Then there's the employees and suppliers of the platforms, of course. They also earn a more or less solid income.

How much does Facebook rake in?

Facebook earned a profit of $7.35 billion in 2019. Thanks to supposedly 2.5 billion users.

This leads us to the more descriptive revenue per user statistic:

  • USA: $41.
  • Europe: $13.
  • Worldwide: $8.50.

Who loses in this system?

It's simple: individual users. We lose our time, our attention and our intelligence. We waste our time unnecessarily on these parasitic platforms instead of using it for more productive things. Such as by spending it with friends, learning new things, or just doing paid work. We invest our attention in such fleeting things, after which it disappears into nothingness. You don't remember what you were looking at after just a few minutes. And if someone still wants to find out, it'll be difficult, as new content has already displaced the old. As we often find only the most banal content on these platforms, your intelligence is completely stamped out.

What about YouTube?

On YouTube, creators earn so little that they're open to being corrupted. That's why there are so many influencers willing to advertise in their videos. In journalism, being this open to third parties is unethical. Which isn't to say that all journalists are saints, but at least venality violates the professional ethos in journalism.

Actual good content is often funded by licence fee payers. Take the excellent «Kurzgesagt», for example. They're videos are produced by German television and thus by German fee payers. In essence, taxes are redistributed from the citizen to Alphabet, the corporation behind Google and YouTube.

And YouTube became big through illegal music streaming. YouTube was and is the biggest platform for music streaming. After all, why else does YouTube Premium allow you to stream videos without actual on-screen content?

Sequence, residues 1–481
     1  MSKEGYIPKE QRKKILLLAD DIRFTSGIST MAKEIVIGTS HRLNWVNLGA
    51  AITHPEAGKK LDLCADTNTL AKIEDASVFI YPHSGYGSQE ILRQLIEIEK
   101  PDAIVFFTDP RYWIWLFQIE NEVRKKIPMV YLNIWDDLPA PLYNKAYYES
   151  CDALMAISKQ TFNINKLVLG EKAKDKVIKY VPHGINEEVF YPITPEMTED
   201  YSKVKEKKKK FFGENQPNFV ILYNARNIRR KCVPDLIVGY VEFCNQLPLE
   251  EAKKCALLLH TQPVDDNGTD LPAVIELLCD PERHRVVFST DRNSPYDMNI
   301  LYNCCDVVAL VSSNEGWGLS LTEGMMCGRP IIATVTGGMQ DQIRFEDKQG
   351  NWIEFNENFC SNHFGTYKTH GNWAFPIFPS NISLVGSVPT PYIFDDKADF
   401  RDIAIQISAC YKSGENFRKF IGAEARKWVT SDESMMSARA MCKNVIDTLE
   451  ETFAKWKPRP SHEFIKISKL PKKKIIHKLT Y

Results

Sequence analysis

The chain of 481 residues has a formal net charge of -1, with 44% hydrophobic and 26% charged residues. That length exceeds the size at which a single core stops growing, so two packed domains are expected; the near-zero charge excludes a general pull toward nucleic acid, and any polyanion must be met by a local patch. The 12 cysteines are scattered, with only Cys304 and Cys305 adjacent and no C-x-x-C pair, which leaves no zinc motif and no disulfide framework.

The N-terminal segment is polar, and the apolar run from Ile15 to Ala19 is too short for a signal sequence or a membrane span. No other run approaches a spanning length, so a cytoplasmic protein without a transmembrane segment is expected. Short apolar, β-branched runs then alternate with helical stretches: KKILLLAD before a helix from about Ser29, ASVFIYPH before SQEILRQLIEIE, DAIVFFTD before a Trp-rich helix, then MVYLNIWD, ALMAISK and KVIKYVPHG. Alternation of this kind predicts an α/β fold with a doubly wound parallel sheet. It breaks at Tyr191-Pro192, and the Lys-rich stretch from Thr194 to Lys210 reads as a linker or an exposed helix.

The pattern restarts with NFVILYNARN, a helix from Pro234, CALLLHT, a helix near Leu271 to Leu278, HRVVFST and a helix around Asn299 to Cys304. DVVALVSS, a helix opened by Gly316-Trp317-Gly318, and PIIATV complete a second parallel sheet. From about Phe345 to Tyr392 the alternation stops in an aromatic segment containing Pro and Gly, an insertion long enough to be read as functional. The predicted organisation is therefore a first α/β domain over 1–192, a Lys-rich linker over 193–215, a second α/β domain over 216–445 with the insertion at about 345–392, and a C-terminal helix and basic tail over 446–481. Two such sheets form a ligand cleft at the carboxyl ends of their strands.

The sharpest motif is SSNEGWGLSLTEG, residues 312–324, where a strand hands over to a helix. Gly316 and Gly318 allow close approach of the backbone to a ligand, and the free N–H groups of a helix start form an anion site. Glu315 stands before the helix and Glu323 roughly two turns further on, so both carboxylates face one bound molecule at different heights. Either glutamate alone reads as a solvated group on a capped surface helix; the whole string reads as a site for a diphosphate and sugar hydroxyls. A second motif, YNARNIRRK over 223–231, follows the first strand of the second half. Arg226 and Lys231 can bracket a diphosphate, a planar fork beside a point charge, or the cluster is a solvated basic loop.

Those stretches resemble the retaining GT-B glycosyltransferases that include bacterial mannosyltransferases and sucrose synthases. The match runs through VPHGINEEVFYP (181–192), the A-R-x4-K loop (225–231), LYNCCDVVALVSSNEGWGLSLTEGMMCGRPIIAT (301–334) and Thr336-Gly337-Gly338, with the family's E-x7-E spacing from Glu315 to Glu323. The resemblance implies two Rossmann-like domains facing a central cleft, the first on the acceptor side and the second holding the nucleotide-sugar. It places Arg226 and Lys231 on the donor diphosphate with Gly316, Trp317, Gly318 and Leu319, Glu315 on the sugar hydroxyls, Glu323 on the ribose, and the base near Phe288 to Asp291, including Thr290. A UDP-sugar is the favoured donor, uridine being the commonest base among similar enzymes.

Side note regarding Facebook and YouTube

Users of these platforms are mercilessly stealing content from each other to leave their mark on the websites. There's an appropriate video on this topic from the aforementioned «Kurzgesagt» channel. Copyright is being ignored. And the actual numbers involved are also very dubious.


Not only do you supply platforms with all the content, no, you also get manipulated with ads. You're getting double fleeced, so to speak.

Become the customer! Decide for yourself what something is worth to you before paying for it. In that sense, ad-free platforms such as Netflix and Spotify that make users into customers are to be welcomed. Make sure to read real paper books as well. You won't be bombarded by recommendations, commercial interruptions or messages from acquaintances and strangers.

When something is free, it often tempts you to act irrationally. With this in mind, you can also principally avoid everything that tries to push itself into the foreground. Nothing in life is truly free. The only question is whether you realise how exactly you're paying.

In any case, a redistribution from many parties to a few large corporations is taking place, being further financially encouraged by uncoordinated state actions.

And we're all responsible for that. As consumers and as citizens of a democratic country. You can take the first step by not using any of the parasitic social media services privately. Install an ad blocker too, there are even solid solutions for mobile devices. And if you still can't let go, then help increase the quality by being aware of the responsibility you have when you share content, be it by writing new posts or sharing existing ones.

Where do we go from here?

Should there be a paid «Social Media» platform where users become the customers? An open system, ideally «open source» to allow for transparency. There are a few social networks along those lines, but a real alternative doesn't seem to be emerging yet.

Digitec Galaxus and social media

Naturally, digitec and Galaxus are also present on social networks. For example, we inform you about new interesting articles from our editorial team. Or you see advertisements that point out our diverse range. Is this a contradiction to my tirade against social media? Yes, in part. We cannot completely escape its grasp, but we have a critical attitude and continuously reflect on our own work. Maybe it's a love-hate relationship. In addition, we try to advertise as ironically as possible, which we hope you've noticed by now. And we're proud that the vast majority of our customers come directly to us.

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Cool: Creating interfaces between the real world and the world of pure information. Not cool: Driving by car to the mall to shop. My life happens online, the information age is where I feel at home.